Sound Mixers: Channel Equalization
Most mixers have some of sort equalization controls for each channel. Channel equalizers use knobs (rather than sliders), and can be anything from simple tone controls to multiple parametric controls.
Note: For more general information about equalization see Audio Equalizers.
The first example on the right is a simple 2-way equalizer, sometimes referred to as bass/treble or low/high. The upper knob adjusts high frequencies (treble) and the lower knob adjusts low frequencies (bass). This is a fairly coarse type of equalization, suitable for making rough adjustments to the overall tone but is not much use for fine control.
This next example is a 4-way equalizer. The top and bottom knobs are simple high and low frequency adjustments (HF and LF).
The middle controls consist of two pairs of knobs. These pairs are parametric equalizers — each pair works together to adjust a frequency range chosen by the operator. The brown knob selects the frequency range to adjust and the green knob makes the adjustment.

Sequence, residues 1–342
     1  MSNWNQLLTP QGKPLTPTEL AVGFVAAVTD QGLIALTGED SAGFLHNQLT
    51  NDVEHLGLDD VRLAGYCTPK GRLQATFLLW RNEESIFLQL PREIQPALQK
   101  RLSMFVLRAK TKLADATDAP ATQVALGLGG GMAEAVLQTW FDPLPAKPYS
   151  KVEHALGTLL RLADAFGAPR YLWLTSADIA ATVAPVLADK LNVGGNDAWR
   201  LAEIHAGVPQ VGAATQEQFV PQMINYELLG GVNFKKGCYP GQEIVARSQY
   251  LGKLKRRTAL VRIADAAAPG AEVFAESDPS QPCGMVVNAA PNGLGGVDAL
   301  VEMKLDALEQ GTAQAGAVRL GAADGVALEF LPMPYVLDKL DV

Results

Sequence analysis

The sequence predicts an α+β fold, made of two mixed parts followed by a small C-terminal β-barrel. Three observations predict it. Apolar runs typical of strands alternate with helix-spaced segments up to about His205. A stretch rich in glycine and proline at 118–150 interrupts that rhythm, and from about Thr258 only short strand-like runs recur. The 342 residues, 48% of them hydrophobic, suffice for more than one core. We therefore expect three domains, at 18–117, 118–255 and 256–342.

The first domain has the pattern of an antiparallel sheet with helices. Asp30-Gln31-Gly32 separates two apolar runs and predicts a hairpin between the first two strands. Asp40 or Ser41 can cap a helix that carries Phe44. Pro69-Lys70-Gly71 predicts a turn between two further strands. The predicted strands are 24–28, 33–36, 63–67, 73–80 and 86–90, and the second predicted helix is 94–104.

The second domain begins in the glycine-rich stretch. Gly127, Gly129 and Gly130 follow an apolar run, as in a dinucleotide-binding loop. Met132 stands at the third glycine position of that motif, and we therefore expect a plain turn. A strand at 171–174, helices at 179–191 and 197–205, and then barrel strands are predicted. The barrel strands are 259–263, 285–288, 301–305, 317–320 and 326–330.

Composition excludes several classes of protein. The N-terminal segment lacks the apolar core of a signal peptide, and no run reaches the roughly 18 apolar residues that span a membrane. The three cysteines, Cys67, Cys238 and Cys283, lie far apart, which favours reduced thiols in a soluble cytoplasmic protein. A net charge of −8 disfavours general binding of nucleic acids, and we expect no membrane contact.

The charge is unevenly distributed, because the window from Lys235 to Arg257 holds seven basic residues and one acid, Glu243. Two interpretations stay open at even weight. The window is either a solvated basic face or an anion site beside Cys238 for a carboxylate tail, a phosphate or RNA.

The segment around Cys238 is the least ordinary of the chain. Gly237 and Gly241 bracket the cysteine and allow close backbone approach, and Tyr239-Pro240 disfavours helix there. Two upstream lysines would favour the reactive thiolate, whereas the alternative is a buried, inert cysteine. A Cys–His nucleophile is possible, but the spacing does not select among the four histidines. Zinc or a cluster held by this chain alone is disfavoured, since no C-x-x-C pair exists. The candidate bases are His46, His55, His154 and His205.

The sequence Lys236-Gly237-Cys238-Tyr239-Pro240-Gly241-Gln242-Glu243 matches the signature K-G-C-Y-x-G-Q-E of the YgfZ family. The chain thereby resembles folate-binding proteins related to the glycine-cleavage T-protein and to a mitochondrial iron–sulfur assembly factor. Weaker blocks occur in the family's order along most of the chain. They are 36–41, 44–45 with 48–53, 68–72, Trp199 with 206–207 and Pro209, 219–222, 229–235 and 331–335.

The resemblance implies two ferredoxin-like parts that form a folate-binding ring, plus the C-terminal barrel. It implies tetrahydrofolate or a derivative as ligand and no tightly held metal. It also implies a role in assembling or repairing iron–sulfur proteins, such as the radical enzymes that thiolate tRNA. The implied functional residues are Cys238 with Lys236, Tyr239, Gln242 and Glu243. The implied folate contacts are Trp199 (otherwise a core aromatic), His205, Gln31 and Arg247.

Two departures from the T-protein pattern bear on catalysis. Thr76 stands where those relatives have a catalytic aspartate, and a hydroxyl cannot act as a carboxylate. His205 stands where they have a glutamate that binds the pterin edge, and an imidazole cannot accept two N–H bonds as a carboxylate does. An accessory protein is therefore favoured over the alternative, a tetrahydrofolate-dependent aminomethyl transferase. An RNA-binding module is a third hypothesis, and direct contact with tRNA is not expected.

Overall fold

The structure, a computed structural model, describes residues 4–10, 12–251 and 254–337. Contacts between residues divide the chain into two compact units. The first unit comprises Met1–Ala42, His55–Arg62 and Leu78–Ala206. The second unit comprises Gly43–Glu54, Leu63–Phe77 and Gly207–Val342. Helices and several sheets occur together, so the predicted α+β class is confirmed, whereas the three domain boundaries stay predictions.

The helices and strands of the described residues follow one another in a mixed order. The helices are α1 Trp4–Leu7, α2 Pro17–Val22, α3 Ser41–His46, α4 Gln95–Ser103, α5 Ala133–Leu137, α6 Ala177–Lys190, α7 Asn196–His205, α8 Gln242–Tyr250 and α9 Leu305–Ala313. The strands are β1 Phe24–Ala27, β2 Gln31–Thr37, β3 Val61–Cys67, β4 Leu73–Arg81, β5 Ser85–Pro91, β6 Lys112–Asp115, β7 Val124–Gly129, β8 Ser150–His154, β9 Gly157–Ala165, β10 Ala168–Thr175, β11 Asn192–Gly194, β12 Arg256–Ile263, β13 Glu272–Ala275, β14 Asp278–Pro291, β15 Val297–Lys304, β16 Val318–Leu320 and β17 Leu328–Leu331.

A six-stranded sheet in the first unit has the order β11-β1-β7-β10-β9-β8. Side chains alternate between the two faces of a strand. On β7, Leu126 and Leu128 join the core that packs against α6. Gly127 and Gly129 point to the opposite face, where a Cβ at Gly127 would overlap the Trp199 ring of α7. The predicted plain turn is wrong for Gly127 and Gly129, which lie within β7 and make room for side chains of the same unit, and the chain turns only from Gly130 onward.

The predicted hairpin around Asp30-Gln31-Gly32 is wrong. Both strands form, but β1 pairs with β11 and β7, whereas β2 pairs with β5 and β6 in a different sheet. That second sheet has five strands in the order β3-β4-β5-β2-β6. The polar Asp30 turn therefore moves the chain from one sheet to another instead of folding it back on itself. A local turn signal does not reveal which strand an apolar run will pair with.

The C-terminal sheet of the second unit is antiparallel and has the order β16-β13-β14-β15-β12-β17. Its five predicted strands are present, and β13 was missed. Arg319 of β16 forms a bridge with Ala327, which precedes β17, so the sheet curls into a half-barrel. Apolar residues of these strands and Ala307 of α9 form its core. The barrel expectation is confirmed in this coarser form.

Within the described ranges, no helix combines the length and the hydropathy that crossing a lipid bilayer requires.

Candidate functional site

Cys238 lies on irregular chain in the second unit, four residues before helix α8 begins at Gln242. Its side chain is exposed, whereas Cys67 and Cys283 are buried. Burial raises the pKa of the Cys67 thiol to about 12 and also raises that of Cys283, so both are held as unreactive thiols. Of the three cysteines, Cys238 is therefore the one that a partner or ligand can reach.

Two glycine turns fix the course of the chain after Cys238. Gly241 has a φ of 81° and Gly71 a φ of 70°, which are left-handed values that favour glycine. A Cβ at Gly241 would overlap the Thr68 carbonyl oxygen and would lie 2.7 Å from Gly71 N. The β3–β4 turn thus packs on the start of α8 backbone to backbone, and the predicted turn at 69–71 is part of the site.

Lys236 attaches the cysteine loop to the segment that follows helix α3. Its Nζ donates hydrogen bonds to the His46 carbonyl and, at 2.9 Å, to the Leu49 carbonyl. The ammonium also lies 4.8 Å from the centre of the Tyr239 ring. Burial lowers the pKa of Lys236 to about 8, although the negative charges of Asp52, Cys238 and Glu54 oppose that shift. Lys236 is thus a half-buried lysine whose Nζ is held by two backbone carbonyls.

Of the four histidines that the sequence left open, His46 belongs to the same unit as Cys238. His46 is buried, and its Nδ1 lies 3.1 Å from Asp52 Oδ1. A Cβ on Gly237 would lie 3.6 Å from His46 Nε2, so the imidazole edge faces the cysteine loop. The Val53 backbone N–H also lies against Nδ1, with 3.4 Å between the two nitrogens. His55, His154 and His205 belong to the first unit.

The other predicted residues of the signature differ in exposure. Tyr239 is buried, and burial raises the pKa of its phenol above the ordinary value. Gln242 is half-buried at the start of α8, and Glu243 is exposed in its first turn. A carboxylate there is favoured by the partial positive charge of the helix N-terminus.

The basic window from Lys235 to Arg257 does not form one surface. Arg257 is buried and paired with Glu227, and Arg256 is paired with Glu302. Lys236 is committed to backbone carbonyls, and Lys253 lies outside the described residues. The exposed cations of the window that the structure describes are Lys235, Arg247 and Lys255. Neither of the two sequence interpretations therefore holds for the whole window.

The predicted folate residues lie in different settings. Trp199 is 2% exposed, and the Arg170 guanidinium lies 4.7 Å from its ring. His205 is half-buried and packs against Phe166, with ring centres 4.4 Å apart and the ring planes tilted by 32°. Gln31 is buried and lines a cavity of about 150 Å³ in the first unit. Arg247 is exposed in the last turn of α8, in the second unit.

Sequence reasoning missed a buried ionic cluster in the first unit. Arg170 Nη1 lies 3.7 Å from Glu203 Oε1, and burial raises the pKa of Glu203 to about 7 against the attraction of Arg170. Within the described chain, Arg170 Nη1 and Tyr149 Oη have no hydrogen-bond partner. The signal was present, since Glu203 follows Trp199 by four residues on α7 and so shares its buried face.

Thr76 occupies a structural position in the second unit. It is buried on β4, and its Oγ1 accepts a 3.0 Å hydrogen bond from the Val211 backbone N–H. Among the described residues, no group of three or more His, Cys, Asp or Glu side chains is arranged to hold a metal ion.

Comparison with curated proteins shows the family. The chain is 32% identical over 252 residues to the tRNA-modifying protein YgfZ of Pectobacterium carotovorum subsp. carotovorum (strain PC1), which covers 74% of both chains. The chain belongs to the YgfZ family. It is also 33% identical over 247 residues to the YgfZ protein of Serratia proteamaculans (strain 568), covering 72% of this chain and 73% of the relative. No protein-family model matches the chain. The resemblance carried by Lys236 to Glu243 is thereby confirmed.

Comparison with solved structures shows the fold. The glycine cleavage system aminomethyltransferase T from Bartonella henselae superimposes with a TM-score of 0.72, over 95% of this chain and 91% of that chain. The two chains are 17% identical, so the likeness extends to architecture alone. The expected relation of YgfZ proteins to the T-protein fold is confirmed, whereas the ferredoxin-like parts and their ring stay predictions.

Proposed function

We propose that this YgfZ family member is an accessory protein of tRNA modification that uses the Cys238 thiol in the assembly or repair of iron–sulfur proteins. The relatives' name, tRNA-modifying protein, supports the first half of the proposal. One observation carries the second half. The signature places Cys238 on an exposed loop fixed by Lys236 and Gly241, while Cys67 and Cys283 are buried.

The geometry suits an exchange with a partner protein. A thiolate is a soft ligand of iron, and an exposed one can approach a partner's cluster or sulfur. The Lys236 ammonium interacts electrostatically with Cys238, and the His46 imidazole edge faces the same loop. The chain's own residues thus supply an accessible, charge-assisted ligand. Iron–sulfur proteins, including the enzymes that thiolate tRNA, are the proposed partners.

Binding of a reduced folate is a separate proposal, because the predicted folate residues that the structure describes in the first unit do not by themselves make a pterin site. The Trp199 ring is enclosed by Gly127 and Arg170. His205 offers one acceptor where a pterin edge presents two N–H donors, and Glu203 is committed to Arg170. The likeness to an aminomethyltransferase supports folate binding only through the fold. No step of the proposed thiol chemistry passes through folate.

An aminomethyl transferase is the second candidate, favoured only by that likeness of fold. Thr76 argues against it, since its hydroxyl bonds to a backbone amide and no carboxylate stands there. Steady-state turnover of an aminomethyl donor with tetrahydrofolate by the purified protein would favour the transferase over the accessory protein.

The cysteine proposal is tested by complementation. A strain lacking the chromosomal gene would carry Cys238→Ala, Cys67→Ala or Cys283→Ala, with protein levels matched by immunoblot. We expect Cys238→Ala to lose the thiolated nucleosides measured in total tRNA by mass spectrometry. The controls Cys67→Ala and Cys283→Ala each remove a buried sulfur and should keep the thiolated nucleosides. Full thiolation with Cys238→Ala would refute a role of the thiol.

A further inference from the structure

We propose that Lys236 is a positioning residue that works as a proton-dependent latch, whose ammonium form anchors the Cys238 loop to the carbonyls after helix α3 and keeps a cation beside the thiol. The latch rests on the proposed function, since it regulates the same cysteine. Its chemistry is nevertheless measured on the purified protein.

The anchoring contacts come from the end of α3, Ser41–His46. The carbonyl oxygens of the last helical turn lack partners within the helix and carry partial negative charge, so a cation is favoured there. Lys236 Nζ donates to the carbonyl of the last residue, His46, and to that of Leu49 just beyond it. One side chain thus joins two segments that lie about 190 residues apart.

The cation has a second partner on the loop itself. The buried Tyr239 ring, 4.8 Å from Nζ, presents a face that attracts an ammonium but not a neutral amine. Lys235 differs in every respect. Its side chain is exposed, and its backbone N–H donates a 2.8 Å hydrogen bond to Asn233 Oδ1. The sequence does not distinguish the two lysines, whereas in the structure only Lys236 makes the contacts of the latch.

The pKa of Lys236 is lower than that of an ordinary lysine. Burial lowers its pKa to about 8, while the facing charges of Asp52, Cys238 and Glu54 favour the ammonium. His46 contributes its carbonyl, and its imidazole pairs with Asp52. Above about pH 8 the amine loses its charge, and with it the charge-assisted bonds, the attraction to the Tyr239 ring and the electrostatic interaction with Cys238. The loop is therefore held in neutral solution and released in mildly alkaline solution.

The top pair works in the high-mid frequency range (0.6KHz to 10KHz), the lower pair works in the low-mid range (0.15 to 2.4KHz).
The "EQ" button below the controls turns the equalization on and off for this channel. This lets you easily compare the treated and untreated sound.
It is common for mixers with parametric equalizers to combine each pair of knobs into a single 2-stage knob with one on top of the other. This saves space which is always a bonus for mixing consoles.
Notes About Channel Equalization
If the mixer provides good parametric equalization you will usually find that these controls are more than adequate for equalizing individual sources. If the mixer is limited to very simple equalization, you may want to use external equalizers. For example, you could add a graphic equalizer to a channel using the insert feature.
In many situations you will use additional equalization outside the mixer. In live sound situations, for example, you will probably have at least one stereo graphic equalizer on the master output.
Related info: Learn to identify sound frequencies
Next Page: Auxiliary Channels